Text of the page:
Flinders trio wins ARC Future Fellowships

The Australian Research Council has announced that Flinders University has been awarded three Future Fellowships in the first round of 2022, worth more than $2.9 million in funds.

The successful Future Fellows are Associate Professor Natalie Harkin and Associate Professor Ian Moffat (both from the College of Humanities, Arts and Social Sciences), and Professor Justin Chalker (from the College of Science and Engineering).

Flinders submitted 14 applications and had a 21% success rate – which is significantly higher than the overall national university success rate of 16%. Flinders is also the most successful university in SA, winning three of the four allocated ARC Fellowships.

“It’s incredibly pleasing to see three wonderfully talented Flinders researchers awarded these prestigious Fellowships – the most of any SA universities,” says Professor Robert Saint, Deputy Vice-Chancellor (Research) at Flinders University. 

“Associate Professor Natalie Harkin’s extraordinary work in reasserting Indigenous voice and agency to extend our understanding of Indigenous culture and retain Indigenous knowledges is going from strength to strength.

“Likewise, Associate Professor Ian Moffatt’s research on people and climate in Australia’s desert region has important implications for Australia as a whole, but especially for Indigenous communities.

 “Professor Justin Chalker’s incredible body of work utilising sulphur polymers will continue to push back the boundaries of knowledge and create new technologies as a result of the ARC’s support.

“My warmest congratulations to all three Fellows, and deep thanks to our other applicants, who I hope are encouraged by their colleagues’ success and will themselves triumph in future rounds.”

Associate Professor Harkin received $908,906 for her project “Indigenous Living-Legacy Archives: Memory Story Innovations for our Time” (FT220100078). This project aims to investigate Indigenous community and colonial archives as powerful sites of social and cultural memory, and creative intervention.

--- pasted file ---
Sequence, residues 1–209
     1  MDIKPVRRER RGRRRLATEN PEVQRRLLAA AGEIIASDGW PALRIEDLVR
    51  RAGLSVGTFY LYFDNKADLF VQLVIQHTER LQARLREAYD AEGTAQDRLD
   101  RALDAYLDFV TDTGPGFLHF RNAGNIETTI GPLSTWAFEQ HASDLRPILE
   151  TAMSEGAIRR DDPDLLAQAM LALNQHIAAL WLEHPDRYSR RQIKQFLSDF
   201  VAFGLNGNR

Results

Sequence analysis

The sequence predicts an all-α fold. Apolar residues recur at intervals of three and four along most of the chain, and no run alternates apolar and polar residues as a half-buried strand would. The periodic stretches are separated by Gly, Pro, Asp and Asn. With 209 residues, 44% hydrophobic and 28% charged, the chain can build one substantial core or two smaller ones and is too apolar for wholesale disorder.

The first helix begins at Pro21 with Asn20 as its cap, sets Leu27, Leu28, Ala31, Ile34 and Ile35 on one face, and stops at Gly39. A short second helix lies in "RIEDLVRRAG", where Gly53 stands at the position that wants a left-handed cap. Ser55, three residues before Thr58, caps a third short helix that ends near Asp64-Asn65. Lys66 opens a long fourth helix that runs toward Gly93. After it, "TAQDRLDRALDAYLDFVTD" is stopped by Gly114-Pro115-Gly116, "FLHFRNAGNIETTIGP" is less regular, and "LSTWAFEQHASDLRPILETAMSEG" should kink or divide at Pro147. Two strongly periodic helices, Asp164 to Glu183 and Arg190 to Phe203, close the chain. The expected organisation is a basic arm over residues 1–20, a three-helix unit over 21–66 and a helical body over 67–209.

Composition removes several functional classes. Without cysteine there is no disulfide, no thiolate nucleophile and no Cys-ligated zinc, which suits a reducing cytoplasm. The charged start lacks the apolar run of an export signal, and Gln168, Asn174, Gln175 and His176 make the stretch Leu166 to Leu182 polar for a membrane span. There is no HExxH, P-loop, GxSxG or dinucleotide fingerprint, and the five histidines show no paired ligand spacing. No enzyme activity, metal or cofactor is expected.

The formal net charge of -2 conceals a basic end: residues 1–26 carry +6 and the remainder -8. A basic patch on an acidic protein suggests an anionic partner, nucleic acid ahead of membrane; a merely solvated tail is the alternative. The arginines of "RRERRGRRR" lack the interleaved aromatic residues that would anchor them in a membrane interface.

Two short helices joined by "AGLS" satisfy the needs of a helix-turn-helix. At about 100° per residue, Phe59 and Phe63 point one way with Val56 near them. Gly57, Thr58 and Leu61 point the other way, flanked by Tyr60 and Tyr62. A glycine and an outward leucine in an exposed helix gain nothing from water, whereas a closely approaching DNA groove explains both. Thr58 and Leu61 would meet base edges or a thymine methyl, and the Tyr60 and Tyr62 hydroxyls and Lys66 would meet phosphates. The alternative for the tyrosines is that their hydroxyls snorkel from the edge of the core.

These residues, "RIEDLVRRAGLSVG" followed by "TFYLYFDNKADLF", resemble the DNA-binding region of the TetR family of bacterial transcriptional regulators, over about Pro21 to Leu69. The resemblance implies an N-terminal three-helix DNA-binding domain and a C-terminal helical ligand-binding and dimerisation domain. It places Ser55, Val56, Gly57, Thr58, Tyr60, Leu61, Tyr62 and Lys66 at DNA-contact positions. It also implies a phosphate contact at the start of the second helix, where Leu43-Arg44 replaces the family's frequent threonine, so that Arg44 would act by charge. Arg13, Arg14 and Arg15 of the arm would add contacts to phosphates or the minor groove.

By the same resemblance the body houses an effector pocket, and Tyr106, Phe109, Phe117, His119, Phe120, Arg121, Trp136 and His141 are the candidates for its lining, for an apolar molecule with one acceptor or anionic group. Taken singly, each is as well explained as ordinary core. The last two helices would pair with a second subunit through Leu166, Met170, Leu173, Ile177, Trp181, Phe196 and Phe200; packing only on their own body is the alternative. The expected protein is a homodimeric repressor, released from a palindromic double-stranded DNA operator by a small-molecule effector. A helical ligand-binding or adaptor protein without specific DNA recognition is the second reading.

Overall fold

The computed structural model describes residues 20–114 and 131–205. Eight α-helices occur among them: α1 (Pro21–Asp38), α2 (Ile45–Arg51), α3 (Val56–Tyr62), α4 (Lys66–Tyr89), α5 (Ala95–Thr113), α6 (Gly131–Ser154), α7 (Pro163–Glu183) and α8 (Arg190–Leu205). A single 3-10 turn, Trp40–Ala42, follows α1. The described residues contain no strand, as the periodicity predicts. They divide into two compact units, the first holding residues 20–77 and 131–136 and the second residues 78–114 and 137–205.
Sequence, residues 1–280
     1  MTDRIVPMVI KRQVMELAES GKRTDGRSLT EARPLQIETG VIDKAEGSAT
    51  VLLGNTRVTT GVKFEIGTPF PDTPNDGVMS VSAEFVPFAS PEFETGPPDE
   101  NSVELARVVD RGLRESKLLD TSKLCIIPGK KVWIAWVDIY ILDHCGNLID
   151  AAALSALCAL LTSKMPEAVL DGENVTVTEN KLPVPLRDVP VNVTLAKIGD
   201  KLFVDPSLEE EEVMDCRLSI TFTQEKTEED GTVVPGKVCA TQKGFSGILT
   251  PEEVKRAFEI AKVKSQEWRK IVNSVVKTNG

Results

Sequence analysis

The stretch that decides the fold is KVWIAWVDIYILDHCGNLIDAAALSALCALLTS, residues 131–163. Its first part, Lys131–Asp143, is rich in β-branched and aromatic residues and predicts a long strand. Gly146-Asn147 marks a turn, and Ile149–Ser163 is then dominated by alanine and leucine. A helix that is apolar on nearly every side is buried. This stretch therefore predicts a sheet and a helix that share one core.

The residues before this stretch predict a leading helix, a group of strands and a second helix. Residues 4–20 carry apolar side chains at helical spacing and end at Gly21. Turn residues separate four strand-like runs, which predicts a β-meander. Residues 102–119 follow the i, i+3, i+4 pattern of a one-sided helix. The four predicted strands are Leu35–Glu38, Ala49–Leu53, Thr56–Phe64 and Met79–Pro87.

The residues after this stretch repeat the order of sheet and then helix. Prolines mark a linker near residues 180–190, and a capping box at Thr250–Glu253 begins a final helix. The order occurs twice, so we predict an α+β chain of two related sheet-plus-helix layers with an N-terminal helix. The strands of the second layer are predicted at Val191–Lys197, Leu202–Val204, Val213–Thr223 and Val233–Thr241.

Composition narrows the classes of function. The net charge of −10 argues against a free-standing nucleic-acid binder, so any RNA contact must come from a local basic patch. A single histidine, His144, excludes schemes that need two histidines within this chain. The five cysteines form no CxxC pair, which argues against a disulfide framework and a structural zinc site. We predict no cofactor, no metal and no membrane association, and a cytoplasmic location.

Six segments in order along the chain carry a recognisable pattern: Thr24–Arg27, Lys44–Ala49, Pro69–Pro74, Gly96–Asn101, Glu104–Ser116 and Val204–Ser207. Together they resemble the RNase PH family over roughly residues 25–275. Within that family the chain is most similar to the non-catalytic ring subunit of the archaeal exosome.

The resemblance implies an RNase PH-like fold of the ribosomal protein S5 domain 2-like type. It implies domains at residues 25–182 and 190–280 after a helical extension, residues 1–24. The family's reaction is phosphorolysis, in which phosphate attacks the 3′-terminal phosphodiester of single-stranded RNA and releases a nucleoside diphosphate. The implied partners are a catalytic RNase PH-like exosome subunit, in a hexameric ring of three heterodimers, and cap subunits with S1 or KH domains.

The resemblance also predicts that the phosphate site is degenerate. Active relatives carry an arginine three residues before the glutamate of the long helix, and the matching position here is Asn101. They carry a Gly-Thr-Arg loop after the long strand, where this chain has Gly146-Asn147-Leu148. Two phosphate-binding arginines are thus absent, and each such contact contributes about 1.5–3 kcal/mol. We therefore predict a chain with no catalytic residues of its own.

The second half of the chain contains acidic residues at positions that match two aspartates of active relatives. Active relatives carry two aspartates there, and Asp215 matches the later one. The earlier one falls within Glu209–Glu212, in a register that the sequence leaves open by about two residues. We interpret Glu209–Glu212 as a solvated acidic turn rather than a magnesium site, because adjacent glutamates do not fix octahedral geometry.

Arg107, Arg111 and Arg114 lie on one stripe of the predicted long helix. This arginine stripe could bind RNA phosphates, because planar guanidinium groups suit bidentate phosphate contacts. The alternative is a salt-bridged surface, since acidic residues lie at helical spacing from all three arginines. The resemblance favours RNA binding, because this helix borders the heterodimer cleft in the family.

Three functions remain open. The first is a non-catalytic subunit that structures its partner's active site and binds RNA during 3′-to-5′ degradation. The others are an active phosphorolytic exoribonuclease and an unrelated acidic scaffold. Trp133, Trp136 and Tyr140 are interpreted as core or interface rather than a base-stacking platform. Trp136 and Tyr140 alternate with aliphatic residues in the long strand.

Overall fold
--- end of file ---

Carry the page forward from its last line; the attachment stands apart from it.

These sites can locate, repatriate, and transform fundamental narratives of history and collective memory to reassert and determine Indigenous voice and agency. This work partners with peak Indigenous arts and archive networks to demonstrate the value of Indigenous living-legacy archive innovations and initiatives for cultural preservation and renewal, through unique community-led modes of storytelling.

Associate Professor Moffat received $953,600 for his project “Dead Heart Beating? Landscape, Climate and People in Desert Australia” (FT220100184). This project aims to undertake the first detailed investigation of the archaeology, landscape history and paleo-environment of dryland lakes in the Simpson, Strzelecki and Stuart Stony Deserts in Central Australia.

Using cutting edge methods, the project expects to discover new archaeological sites, provide a new climate record for inland Australia and develop innovative new analytical and field techniques.

Expected benefits also include the development of new cutting-edge methodologies for the investigation of Australian desert landscapes, comprehensive baseline data of how this region has evolved prior to European colonisation and resolving why no Pleistocene aged archaeological sites have been found in the region.

Professor Chalker received $1,039,924 for his project “Sulfur-based materials for infrared optics and thermal imaging” (FT220100054). This project aims to investigate novel sulfur polymers for use in infrared optics and thermal imaging.

Current thermal imaging lenses are made in energy-intensive processes from expensive semiconductors and toxic chalcogenide glasses. In contrast, highly abundant elemental sulfur can be converted into polymers that are highly transparent to mid- and long-wave infrared light, providing a promising low-cost alternative.

In developing this technology, expected outcomes include novel methods to manufacture polymers from low-cost sulfur and their use as lenses for thermal imaging. Significant benefits are expected, such as access to low-cost, recyclable materials for thermal imaging required in surveillance, diagnostics, and spectroscopy.

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